Accent, pronounced AK sehnt, in language, is
an emphasis placed on a syllable in a word and is often called stress. Dictionaries
usually indicate an accented syllable by a mark placed after the syllable. A secondary
accent can be indicated by two marks or by one light accent mark. Accented syllables can
also be shown by capital letters or italics. Where pronunciations are given in The World
Book Encyclopedia, capital letters are used for the syllable with the primary accent and
small capital letters for the secondary accent. See Key to pronunciation at the beginning
of the A volume in the print version of The World Book Encyclopedia.
The tendency in English is to shift the accent toward the beginning of the word. The
accent in the word re VOKE shifts toward the beginning in the form ir REV ocable. This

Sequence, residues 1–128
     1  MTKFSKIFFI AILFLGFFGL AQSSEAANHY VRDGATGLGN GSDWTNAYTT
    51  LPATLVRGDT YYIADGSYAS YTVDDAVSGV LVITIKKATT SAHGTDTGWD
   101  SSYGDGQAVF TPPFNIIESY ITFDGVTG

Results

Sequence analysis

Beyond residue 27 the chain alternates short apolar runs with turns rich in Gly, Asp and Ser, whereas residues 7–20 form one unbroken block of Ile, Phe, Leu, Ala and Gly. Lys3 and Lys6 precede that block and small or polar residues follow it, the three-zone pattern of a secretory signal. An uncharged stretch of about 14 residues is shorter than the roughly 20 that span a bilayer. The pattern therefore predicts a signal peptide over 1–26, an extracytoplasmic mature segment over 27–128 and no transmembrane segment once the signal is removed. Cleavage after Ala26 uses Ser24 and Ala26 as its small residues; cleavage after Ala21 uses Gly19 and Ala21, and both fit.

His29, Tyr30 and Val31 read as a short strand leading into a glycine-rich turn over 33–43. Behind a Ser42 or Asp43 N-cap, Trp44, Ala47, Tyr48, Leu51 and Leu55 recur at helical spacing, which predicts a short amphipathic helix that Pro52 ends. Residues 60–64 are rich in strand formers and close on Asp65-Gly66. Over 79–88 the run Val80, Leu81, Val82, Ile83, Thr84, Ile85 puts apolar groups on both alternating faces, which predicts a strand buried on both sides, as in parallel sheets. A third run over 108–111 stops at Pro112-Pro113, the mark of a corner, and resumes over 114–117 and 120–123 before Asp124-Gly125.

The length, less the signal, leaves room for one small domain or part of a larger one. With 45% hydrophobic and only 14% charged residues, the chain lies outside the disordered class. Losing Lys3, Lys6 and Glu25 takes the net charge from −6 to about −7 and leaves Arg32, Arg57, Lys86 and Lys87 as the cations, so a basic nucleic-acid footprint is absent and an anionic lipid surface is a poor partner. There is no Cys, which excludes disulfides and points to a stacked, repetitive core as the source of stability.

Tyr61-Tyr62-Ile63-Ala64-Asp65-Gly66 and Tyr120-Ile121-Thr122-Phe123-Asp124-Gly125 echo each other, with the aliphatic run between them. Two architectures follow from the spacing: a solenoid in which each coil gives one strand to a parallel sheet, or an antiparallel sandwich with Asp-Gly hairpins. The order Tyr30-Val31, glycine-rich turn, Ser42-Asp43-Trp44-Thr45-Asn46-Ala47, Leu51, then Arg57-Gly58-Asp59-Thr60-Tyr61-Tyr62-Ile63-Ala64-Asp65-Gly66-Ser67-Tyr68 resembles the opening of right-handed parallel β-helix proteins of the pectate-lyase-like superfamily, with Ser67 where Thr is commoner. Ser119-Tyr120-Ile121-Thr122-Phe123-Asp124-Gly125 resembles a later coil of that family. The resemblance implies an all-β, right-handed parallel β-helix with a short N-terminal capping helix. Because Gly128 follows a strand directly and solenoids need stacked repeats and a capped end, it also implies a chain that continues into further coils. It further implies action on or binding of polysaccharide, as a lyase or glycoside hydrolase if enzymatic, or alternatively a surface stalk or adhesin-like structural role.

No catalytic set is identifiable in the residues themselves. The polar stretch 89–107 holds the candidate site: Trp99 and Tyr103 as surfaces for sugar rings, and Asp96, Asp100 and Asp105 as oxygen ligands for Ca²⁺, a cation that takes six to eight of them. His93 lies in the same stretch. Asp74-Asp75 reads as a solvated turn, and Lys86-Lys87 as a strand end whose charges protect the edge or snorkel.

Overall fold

tendency often causes a change in the language. The accent in the word BAL con y was once
placed on the second syllable (pronounced bal CON y).
Words spelled in the same way are sometimes accented on different syllables. This usually
means they have different meanings or different usages. The verb of a pair of identical
words may have the accent on the second syllable, although the noun or adjective has it on
the first. For example, ab SENT is the verb, while AB sent is the adjective. Accent is
important in sentences as well as in words. The accent of a sentence can change its
meaning completely. "You walked down the avenue" expresses four different
meanings when the accent is put on you, walked, down, or avenue.
Accent, as in "foreign accent" or "English accent," refers to
differences in pronunciation. These differences indicate the speaker's dialect or native
Contributor: Marianne Cooley, Ph.D., Assistant Prof. of English, Univ. of Houston.